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Re: [avr-gcc-list] avr-libc: interrupt.h, ISR and ISR_NOBLOCK

From: Joerg Wunsch
Subject: Re: [avr-gcc-list] avr-libc: interrupt.h, ISR and ISR_NOBLOCK
Date: Fri, 4 May 2012 23:02:08 +0200 (MET DST)

Georg-Johann Lay <address@hidden> wrote:

> One hack would be that "interrupt" overrides/is stronger than "signal" 
> and likewise for OS_task/OS_main.

I don't like it much, in particular since the name "signal" does not
mean anything to the casual embedded programmer, and it's something
fairly different than a "signal" to the casual UNIX programmer.

In other words, I think "signal" is a misnomer, and should not have
existed in the first place.

> All the ISR() stuff and deprecation if SIGNAL and INTERRUPT was -- if
> I understand you correctly -- because users did not read the docs
> and instead tried to deduce the semantics of the above attributes from
> their identifier name.

Basically, yes.

The difference to my suggestion is, SIGNAL and INTERRUPT exposed the
misnamed attribute names into the library API, so users had to use
them, and eventually got confused by it.  Yes, you might blame them
for not reading the docs, but it's about the same as "Press start to
shutdown" (your Windows machine): being required to declare your
(standard) interrupt service routine by something that is not named
"interrupt" does not match the user's expectation.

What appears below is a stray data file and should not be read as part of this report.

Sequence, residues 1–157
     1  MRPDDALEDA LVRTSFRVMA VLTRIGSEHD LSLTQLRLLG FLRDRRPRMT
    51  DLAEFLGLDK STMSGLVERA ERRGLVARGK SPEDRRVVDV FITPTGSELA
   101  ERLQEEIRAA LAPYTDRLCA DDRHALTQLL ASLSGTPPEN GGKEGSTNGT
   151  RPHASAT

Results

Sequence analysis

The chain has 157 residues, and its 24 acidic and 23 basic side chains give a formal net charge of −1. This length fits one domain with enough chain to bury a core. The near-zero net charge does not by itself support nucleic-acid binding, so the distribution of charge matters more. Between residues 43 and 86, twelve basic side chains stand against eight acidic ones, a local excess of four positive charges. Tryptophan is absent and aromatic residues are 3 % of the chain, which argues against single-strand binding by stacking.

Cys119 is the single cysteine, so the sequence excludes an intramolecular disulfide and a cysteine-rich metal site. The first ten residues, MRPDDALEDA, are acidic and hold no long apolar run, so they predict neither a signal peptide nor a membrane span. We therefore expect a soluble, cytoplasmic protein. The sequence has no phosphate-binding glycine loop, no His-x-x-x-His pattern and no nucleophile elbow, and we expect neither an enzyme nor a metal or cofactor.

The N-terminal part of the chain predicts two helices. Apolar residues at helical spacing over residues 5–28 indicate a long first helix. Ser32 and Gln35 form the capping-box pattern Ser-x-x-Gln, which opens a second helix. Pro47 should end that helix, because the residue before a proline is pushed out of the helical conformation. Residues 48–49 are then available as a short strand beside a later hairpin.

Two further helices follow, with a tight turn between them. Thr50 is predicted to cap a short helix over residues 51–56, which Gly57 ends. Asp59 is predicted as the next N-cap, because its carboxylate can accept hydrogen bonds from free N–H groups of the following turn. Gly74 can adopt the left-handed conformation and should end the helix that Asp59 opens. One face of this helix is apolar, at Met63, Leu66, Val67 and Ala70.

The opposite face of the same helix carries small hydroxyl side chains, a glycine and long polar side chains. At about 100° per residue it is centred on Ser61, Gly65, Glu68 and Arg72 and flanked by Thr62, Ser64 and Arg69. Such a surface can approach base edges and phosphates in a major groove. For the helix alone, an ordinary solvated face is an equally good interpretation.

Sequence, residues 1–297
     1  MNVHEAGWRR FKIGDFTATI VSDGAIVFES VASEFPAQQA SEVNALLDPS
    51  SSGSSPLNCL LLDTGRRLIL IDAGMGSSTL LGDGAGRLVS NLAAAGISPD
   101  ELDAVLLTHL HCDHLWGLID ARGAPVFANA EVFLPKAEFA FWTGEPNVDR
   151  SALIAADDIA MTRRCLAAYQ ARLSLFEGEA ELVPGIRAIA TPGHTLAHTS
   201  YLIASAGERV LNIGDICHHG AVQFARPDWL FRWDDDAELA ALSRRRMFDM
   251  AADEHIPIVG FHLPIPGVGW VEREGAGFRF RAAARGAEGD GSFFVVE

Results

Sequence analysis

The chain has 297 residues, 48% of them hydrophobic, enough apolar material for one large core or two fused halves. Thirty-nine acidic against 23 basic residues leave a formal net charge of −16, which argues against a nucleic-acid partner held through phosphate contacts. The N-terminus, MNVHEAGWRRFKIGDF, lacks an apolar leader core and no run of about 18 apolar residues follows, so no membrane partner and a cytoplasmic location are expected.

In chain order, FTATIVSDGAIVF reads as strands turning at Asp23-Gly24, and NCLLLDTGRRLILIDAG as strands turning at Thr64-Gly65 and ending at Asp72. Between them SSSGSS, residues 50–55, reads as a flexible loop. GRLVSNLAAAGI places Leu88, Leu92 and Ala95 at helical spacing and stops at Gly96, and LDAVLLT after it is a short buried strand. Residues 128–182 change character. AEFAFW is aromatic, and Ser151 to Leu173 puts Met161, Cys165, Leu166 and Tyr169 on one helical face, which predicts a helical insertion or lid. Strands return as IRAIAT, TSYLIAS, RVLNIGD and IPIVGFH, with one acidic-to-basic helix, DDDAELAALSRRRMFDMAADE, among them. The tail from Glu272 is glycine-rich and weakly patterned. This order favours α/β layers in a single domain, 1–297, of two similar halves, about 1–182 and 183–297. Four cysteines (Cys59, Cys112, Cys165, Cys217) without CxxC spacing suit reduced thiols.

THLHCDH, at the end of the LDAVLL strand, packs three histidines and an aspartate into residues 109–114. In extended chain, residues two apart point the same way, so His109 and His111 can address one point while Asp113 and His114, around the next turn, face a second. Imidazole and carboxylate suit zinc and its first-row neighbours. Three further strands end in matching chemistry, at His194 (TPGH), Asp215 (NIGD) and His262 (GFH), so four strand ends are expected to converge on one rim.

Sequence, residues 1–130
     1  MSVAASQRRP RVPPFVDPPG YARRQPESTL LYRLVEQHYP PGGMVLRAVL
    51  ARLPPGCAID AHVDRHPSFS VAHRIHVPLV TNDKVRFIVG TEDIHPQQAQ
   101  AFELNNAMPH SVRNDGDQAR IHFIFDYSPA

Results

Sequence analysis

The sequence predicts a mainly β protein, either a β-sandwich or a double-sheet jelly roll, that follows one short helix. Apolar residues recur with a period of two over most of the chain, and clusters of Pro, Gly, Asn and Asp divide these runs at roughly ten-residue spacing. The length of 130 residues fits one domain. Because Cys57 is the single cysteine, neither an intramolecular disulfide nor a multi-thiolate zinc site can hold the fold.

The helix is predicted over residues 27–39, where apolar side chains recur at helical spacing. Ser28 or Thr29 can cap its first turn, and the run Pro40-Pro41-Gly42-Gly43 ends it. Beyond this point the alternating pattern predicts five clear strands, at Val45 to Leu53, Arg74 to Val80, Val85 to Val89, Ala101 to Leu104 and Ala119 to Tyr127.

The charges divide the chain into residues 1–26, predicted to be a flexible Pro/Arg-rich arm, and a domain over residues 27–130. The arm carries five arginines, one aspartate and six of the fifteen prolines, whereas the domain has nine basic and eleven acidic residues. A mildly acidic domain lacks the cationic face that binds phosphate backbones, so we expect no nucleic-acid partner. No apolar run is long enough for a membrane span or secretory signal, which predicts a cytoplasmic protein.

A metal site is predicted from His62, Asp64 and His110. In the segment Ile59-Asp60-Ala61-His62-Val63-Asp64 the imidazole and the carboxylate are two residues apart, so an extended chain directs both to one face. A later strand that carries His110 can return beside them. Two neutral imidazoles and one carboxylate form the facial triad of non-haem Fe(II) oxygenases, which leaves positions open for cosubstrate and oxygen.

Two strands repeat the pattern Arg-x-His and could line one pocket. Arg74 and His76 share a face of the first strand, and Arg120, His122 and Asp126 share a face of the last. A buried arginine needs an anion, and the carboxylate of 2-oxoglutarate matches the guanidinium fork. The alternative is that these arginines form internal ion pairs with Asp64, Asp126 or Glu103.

Since the invention of the ISR API, users don't seem to have any
troubles anymore with that.  The support effort that used to be
involved around SIGNAL vs. INTERRUPT dropped to zero.  To me, this
proves the current API makes a lot of sense, and should be kept.

So yes, we could just give the "interrupt" attribute a priority over
"signal"; users won't notice it, and no further change is needed.

Or, we could use that occasion to finally also drop that misnamed
"signal" attribute alltogether, at least in the long run.

The proposed "isr" and "interruptible" attribute names are just
because I personally find them both, descriptive, as well as no longer
self-contradictionary, since an "interruptible ISR" is something the
embedded developer could immediately guess how it works.

cheers, J"org               .-.-.   --... ...--   -.. .  DL8DTL

http://www.sax.de/~joerg/                        NIC: JW11-RIPE
Never trust an operating system you don't have sources for. ;-)

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